2002 PRS CE22
2013 G&L ASAT Deluxe
2009 Epiphone G-400 (SH-4)
Marshall JCM2000 DSL100
Krank 1980 Jr 20watt
Krank Rev 4x12 (eminence V12)
GFS Greenie/Digitech Bad Monkey
Morley Bad Horsie 2
MXR Smart Gate
#8
Quote by Robbgnarly
well playing Cold Play while in a tech-death band would present some issues



learning cold play was hard. origin not so much
Quote by bendystraw
Fifty bucks says you're fat.
#10
At this point things will go easier, and you will eventually circumvent the wall.
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#12
I'm currently charging into some speed walls now. Its a challenge because Ill have a speed breakthrough and feel great about it and then remember there is still so far to go. Luckily I'm implementing some speed building strategies that are insane! Tom Hess is the man!
#13
Speed comes through efficiency, make the movements in your fretting and picking only as big as they need to be. Also make sure your technique is good. Other than that it is basically just about practice.

While speed isn't the be all end all I do feel if you take care of the fast stuff the slow stuff will take care of itself. Plus shredding is fun.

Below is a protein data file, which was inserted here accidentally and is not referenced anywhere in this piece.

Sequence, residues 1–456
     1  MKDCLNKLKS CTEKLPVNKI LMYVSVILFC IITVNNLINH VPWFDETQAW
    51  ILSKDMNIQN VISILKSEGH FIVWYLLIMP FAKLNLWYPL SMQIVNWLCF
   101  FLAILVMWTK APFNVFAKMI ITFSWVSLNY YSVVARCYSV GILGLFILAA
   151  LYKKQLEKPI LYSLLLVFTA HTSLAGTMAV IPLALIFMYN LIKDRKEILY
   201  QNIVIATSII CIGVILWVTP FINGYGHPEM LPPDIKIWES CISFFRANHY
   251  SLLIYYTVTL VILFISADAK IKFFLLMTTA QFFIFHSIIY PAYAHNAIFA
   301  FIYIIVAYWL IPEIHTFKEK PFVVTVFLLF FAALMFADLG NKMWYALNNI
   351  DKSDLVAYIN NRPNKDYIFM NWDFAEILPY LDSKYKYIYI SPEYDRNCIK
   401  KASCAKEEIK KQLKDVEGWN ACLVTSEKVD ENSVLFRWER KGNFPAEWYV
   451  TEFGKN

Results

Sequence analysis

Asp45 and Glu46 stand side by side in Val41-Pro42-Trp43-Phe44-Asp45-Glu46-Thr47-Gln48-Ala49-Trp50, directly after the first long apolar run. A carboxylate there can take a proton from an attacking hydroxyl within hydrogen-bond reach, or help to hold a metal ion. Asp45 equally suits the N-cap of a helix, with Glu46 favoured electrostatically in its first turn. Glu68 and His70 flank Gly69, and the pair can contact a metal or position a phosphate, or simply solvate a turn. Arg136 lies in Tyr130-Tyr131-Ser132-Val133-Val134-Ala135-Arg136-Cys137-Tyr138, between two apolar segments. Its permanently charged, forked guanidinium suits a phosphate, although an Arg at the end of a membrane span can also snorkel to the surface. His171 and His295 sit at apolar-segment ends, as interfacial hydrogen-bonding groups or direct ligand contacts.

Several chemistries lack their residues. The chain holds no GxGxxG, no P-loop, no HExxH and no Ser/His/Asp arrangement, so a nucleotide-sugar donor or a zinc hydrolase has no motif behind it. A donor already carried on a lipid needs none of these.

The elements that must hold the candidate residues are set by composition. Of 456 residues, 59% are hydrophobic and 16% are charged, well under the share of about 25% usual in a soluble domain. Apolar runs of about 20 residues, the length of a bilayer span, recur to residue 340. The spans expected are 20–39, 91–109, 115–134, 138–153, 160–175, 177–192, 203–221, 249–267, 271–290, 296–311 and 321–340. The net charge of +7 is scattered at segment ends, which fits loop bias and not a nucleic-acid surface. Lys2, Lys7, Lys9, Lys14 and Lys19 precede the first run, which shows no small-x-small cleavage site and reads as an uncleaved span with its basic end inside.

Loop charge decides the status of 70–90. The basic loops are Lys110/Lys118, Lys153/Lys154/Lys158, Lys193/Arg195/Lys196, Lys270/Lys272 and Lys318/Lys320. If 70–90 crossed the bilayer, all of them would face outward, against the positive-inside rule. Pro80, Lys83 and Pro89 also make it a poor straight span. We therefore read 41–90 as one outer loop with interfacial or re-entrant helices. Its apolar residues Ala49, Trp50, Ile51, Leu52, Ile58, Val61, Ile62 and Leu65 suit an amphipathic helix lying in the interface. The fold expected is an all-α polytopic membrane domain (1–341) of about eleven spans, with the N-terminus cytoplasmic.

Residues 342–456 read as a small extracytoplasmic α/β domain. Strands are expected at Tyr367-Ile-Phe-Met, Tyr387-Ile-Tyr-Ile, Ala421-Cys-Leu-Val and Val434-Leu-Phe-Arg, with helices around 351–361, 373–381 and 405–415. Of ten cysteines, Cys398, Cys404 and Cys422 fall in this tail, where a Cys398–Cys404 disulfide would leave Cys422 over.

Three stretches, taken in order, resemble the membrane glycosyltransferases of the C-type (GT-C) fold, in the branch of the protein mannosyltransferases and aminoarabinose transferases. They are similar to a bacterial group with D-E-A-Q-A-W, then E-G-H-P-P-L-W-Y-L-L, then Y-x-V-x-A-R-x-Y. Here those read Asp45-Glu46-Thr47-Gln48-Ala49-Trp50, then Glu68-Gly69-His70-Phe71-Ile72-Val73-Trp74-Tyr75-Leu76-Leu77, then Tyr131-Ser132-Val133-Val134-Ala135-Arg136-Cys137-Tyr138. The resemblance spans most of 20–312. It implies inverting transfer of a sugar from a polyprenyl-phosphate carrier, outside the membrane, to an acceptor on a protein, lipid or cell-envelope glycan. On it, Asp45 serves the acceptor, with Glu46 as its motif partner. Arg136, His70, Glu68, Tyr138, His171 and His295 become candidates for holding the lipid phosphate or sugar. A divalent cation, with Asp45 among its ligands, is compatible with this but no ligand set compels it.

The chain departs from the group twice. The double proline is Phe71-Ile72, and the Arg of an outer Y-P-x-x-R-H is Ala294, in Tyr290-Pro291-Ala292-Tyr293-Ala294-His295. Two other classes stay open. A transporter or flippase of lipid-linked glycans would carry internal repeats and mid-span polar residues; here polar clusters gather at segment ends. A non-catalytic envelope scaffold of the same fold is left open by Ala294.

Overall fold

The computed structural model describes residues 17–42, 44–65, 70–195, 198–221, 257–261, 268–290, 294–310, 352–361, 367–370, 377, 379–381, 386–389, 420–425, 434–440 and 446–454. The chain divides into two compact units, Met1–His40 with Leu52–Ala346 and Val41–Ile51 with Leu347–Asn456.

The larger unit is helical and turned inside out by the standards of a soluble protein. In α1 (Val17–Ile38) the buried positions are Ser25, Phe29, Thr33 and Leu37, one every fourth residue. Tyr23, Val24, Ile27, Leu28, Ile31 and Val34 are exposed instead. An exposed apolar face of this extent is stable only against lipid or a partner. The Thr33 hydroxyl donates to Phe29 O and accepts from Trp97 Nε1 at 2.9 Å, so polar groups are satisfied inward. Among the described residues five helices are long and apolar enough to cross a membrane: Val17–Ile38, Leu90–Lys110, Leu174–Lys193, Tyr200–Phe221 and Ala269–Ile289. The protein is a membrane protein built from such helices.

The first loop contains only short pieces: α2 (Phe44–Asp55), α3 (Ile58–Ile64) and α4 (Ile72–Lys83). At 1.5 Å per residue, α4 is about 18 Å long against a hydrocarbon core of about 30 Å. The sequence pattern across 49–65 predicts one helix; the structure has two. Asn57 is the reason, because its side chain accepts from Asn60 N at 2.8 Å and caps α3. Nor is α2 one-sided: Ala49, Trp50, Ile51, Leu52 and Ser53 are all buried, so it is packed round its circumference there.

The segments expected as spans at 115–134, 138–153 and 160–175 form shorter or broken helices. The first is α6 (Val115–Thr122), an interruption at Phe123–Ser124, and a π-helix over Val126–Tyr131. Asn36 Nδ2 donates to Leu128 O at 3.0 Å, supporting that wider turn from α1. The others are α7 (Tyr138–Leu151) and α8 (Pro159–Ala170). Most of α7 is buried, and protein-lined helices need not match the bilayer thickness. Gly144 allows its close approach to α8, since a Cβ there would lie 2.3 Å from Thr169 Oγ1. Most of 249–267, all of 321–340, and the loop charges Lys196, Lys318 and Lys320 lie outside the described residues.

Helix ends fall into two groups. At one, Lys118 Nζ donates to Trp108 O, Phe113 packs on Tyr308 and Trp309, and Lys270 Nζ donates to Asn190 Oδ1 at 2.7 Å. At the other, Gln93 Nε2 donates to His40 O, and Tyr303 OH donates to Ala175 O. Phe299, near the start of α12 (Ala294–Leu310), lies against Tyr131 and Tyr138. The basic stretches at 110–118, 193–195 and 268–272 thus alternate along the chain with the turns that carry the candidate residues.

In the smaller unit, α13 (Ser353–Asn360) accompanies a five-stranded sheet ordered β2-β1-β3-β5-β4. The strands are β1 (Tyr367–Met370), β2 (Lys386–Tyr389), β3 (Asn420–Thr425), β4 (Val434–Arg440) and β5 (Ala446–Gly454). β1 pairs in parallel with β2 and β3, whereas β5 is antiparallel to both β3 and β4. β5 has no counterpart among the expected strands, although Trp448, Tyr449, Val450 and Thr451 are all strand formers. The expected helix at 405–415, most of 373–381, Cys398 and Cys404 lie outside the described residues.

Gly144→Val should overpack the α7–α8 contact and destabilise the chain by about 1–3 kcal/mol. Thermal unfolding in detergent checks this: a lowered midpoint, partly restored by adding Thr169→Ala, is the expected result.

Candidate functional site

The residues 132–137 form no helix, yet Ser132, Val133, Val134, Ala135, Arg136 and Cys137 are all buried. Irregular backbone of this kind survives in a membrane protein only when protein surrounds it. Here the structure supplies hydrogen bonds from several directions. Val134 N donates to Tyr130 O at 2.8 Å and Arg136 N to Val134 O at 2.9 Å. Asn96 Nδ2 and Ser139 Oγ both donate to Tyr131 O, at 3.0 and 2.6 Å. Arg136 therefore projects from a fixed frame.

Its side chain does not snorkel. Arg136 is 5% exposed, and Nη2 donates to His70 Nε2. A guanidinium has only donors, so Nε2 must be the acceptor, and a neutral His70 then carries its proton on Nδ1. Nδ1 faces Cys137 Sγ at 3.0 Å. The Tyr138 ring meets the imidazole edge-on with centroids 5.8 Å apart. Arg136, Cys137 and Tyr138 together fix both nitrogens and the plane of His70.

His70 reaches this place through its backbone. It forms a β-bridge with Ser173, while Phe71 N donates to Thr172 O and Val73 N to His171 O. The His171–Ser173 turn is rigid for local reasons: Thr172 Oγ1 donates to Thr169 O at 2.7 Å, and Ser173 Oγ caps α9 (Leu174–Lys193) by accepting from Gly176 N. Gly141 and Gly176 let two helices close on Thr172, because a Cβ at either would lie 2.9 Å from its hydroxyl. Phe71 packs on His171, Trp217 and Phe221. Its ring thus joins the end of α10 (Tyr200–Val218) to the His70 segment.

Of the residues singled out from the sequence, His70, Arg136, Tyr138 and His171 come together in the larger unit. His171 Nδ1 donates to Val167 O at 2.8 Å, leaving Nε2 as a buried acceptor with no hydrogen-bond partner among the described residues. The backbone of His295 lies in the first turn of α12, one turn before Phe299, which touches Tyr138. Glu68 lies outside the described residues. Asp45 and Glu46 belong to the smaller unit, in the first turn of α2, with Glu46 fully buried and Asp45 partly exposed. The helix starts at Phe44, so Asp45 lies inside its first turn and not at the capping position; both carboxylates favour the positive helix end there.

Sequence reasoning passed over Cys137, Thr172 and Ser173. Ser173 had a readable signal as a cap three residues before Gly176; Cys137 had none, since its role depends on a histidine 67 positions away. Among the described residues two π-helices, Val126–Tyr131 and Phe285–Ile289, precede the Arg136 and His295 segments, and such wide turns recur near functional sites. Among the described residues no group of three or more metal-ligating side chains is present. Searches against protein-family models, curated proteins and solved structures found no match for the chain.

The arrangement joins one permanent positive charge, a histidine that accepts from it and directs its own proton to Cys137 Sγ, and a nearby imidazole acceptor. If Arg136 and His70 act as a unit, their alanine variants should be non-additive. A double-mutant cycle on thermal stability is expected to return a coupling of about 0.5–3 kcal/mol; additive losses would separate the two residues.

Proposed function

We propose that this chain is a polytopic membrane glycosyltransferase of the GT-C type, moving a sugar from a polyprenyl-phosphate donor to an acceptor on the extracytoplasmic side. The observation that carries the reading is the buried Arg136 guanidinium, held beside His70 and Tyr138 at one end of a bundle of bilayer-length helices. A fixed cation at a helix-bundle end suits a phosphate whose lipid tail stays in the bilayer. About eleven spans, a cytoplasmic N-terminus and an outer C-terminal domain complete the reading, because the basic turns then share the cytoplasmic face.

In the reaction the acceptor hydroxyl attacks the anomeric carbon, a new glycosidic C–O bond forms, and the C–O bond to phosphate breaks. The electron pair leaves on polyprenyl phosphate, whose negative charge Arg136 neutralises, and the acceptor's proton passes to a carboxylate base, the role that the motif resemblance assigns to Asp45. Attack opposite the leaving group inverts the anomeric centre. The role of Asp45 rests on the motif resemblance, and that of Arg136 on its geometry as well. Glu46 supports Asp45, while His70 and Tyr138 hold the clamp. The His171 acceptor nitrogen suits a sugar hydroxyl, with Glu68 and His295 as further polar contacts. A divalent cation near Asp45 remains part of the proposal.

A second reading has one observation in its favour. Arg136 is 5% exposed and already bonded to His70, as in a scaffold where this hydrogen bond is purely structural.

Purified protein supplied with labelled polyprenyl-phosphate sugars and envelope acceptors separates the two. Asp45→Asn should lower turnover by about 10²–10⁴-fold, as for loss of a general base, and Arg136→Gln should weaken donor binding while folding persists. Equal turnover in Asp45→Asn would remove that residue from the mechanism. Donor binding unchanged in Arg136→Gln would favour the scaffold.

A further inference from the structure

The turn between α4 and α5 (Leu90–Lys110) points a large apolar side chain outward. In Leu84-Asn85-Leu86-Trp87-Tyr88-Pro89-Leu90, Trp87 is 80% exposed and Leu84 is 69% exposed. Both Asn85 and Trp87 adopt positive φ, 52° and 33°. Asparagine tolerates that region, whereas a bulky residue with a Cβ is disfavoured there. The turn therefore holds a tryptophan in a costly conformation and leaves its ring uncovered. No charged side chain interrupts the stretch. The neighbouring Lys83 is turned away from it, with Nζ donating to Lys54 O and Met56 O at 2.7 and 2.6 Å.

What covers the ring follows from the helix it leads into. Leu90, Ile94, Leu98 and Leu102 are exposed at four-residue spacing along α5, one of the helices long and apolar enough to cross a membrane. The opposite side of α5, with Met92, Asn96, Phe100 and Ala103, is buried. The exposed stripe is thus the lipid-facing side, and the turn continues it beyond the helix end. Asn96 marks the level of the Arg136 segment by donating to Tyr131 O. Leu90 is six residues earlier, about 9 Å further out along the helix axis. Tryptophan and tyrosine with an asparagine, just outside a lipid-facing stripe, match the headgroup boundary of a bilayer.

#14
there's a speed that's called "fast enough".

it's just fast enough to cover the kind of music you play.

i thought i could play the lead to crazy train. then i heard the song again the other day.

while i do know most of the notes, there's no way on earth i can actually play that solo correctly. i can fake it okay, but even that's a matter of opinion.

so just shoot for fast enough and have fun.
#15
Quote by MegadethFan18
Speed comes through efficiency, make the movements in your fretting and picking only as big as they need to be. Also make sure your technique is good. Other than that it is basically just about practice.

While speed isn't the be all end all I do feel if you take care of the fast stuff the slow stuff will take care of itself. Plus shredding is fun.


Absolutely, I found that even if I can't play the fastest sections at speed, when I'm done the other slower sections sound MUCH better. So I guess it's just a slow process. Some will come eventually. Right now I'm trying Mindscape by Rondat. It's gonna take years.:-D Need to go back to Maiden's Losfer Words. That one's fun too...
#16
Big Europe fan here too. I took the time to learn the Superstitious solo last summer and got everything down but the fast part. That is my wall, but I'm determined to overcome it in time.
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#17